I'm fluent in Spanish. I started learning the language when I was in elementary school. I continued it through high school, sneaking in a Latin class here and there, and then I went on to minor in Spanish Language and Literature in college. Since I had so many credits from high school, I was able to skip some of the lower level classes and focus on the extra, more specialized one like literature and business related classes.
I have a natural talent for foreign language. While I was in college, I traveled to Monterrey, Mexico on several occasions to do projects with students at Monterrey Tech University. We communicated with them all semester via satellite and then my class hopped in a coach bus and drove on down to Mexico to meet them and do the presentations we had collaborated on. Working with those students and taking the trips to Monterrey was one of the highlights of my undergraduate career. After that experience, I returned to San Antonio and taught financial literacy classes in Spanish to members of the community. This was during my senior year and part of a business class I took, that was taught in Spanish, which contributed to both my minor and major in business. I was also reading classic Spanish literature (think the Spanish version of Shakespeare) which is hard to understand in English, let alone Spanish and sometime Catalan. So basically, I spoke, wrote and read Spanish like I was Hispanic but I'm not.
Over the years, I've lost my ability to speak the language as fluently as I did in college. I haven't really had anyone to practice with so when I'm called on to speak it, I can never recall the words and I get a little embarrassed at first...but if I take a minute to get my life together, I can communicate with relative ease.
When you know a language like Spanish, it's easy for you to pick up other languages as well. I can understand some Italian and French (romance languages). Even better, after I've been in a place for just a short amount of time, hearing the language and attempting to communicate with the locals, I'm able to understand and even speak back enough to get by.
So when we went to Brazil, my friends looked to me to translate Portuguese so we could communicate with the Brazilians. Unfortunately Portuguese is a very difficult language to understand with lots of unfamiliar sounds. I was able to pick up on a few things and by the end of the trip I could understand some basics. But I prepared myself prior to the trip by using language learning apps. Before I left, I had a basic understanding of the essentials. (While I was there, I found myself slipping into Spanish...which isn't as weird as it sounds. Some Brazilians can understand and speak Spanish as well). It didn't help that the Brazilians thought that I was a native, would walk up to me and start having a full blown conversation in Portuguese....while I stood there with a confused look on my face.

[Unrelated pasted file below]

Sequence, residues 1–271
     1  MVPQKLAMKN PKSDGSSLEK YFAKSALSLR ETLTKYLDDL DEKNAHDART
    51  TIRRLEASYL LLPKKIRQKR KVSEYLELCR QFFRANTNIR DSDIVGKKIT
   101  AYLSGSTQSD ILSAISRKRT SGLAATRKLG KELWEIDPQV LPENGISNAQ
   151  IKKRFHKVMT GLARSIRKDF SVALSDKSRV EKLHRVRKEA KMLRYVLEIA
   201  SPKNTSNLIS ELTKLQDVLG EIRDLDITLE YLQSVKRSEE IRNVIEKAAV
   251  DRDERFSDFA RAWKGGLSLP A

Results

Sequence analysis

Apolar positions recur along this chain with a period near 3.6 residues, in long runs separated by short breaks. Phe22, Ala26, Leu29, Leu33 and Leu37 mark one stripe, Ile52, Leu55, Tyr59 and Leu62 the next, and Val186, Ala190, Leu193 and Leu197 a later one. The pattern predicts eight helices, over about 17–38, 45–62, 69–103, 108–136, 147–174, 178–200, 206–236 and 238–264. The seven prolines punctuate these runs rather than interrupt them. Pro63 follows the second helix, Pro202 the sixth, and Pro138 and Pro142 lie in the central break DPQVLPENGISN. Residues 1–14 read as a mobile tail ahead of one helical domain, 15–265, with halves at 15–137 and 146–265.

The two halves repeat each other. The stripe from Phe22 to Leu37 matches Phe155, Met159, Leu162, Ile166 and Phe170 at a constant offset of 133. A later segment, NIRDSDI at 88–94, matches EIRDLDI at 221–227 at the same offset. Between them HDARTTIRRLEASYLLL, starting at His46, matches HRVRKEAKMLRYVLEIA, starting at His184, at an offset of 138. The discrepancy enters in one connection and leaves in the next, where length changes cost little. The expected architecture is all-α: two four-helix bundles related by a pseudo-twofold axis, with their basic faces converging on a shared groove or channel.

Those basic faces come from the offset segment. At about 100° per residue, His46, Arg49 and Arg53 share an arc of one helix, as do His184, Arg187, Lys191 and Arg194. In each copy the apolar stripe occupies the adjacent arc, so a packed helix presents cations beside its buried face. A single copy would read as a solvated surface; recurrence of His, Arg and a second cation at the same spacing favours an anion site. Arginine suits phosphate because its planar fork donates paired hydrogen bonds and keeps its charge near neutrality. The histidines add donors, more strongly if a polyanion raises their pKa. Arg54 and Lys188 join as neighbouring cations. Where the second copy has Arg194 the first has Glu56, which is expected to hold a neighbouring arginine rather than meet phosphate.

Nevertheless, I generally make it a point to try and memorize important phrases like please and thank you before a trip. I try to figure out how to ask for directions or whether or not a person speaks English, where's the bathroom, the numbers so I can accurately count money. I think it makes the locals feel like you're putting in some effort and they're more willing to help you and be nice if you need directions or struggling to order lunch in their native tongue. Most people need a while to learn these things...but like I said, I have a gift so I can do it the week before, or at a bare minimum, on the plane ride over.
Seeing as how I'm headed to Istanbul, Turkey on Friday (and even though I'll be there barely over 24 hours) I thought I would look into learning a few phrases today. Don't get me wrong, I know that Turkish is wholly different from Spanish or Portuguese, but I just wanted to look into it. So I Googled, "Important Turkish Phrases" and selected a Trip Advisor article called, Turkey: Important Phrases. Excellent....that's just want I wanted!
I clicked the link and started reading. Then this overwhelming sense of despair came over me lol....um...there's no way I'm going to be able to learn any of this before I leave. I can't even understand the phonetic pronunciation of the phrases on the page. Yikes!
I think, with Spanish, my brain is able to identify some rhythm in the words and phrases which makes it easy for me to pick up. I actually think in Spanish sometimes.
Not so much with Turkish. For example, if I want to tell someone Thank you, for bringing me this fabulous glass of wine (or whatever spirit I've order in Istanbul...and there will be spirits) I have to attempt to say this:
(pronounced TE-SH-QU-ERR ED-ERR-IM)
Now, the article tells me that Turkish is a very phonetic so I can sound this out and it'll come out right....um....or nah. That does not give me confidence.
So I'm a little nervous about communicating in Turkish, needless to say. Elizabeth assured me that we'll be in a touristy part of town so I shouldn't worry. But I pride myself for my gift and natural tendency towards learning languages and I feel somewhat defeated because I know I won't be able to learn this before we leave.There's no chance of it. I don't want to be fumbling over words and sounding like an idiot when I'm asking for directions or ordering food and then the waiter brings me something unrecognizable. Then this will be my face lol...
Don't even get me started on Greek. Gyro? Souvlaki? Spanakopita? Tzatziki? That's about all I got. I just know I'm gonna get to Greece and be so shackled when its time to eat lol. Here's to hoping we get menus with pictures.
Less than 3 days left!
**There's no where to go but everywhere...so get going! ~GEV